Since 2004 there has been a considerable increase in inflows of work-related migrants, with free access to the UK labour market being granted to EU citizens from the A8 countries--most notably from Poland, Lithuania, the Slovak Republic, the Czech Republic and Hungary (in decreasing order of numbers). With the accession of Romania and Bulgaria (A2) to the European Union in January 2007, restrictions were placed on worker inflows from those countries which, as a result, have remained modest to date. Part of the motivation for putting these restrictions in place was a concern about possible negative impacts on the labour market. Indeed, while work-related immigration to the United Kingdom has undoubtedly brought benefits with foreign workers filling skill gaps, allowing closer matching of job vacancies and skills, and bringing in skills that complement those of native-born workers, there have been concerns that they have displaced native workers and may have reduced wages, particularly of young and low-skilled native workers. However research to date finds little evidence of any negative impact on the work prospects of young and low-skilled native workers (Blanchflower et al., 2007) despite A8 and A2 workers generally being young but on average better educated than natives of a similar age.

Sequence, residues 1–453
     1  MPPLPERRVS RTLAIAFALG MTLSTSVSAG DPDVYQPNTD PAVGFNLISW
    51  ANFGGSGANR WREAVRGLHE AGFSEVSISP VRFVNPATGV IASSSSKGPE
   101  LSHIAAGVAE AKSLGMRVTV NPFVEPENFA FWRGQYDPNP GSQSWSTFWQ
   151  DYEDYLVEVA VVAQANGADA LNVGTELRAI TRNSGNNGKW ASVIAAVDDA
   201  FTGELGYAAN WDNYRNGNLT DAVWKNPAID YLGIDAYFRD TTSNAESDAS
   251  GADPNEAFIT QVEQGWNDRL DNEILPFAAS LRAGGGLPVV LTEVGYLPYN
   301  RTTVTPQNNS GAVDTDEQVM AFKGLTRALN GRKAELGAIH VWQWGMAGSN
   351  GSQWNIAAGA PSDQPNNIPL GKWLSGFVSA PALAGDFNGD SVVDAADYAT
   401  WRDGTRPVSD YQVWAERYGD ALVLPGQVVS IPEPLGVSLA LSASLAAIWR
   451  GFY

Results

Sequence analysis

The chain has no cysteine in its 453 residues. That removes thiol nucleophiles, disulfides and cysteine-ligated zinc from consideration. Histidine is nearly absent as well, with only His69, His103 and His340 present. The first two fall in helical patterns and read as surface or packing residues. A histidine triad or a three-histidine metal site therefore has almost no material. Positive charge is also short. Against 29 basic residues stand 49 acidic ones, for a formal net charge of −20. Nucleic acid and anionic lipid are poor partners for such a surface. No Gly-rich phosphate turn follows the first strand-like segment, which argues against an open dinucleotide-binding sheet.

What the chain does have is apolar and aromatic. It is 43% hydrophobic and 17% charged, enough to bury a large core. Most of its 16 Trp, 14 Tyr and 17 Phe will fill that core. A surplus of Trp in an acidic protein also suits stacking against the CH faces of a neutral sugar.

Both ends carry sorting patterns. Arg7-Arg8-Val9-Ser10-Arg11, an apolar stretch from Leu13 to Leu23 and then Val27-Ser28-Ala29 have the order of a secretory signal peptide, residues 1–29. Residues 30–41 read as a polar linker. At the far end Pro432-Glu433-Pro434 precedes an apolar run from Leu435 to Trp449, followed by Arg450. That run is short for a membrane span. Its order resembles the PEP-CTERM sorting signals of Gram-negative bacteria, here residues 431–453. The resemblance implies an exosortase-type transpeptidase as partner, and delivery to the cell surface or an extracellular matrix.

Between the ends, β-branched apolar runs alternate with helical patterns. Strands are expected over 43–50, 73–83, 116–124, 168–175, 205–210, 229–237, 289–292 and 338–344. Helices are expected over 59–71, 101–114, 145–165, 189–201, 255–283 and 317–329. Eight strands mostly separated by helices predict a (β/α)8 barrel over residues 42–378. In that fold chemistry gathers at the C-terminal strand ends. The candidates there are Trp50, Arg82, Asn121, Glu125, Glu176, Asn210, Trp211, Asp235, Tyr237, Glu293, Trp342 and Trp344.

A minimum wage was reintroduced in 1999 and currently there are three rates: an adult rate, a development rate (for workers aged 18-21), and a rate for 16-17-year olds (introduced in 2004; younger than 18-year olds were exempt prior to 2004). The minimum wage is set annually on the recommendation of the Low Pay Commission (LPC). Currently the development and 16-17-year old rates are around 80% and 60% of the adult rate respectively, and the rates have increased at an average of around 5.1% per annum since being introduced. This is significantly higher than the rate of increase of average economy-wide earnings. Young inexperienced workers' chances in the labour market are particularly sensitive to wages, as implicitly acknowledged in providing a lower rate for younger workers. Setting the rate too high could damage work prospects (Neumark and Wascher, 2003; Neumark and Wascher, 2006). While some of the decline in income inequality and poverty in the United Kingdom in recent years may be attributable to the introduction of the minimum wage, a trade-off exists, particularly in terms of employment prospects for young and low-skilled workers. The minimum wage should be increased at or below the rate of increase in the median wage.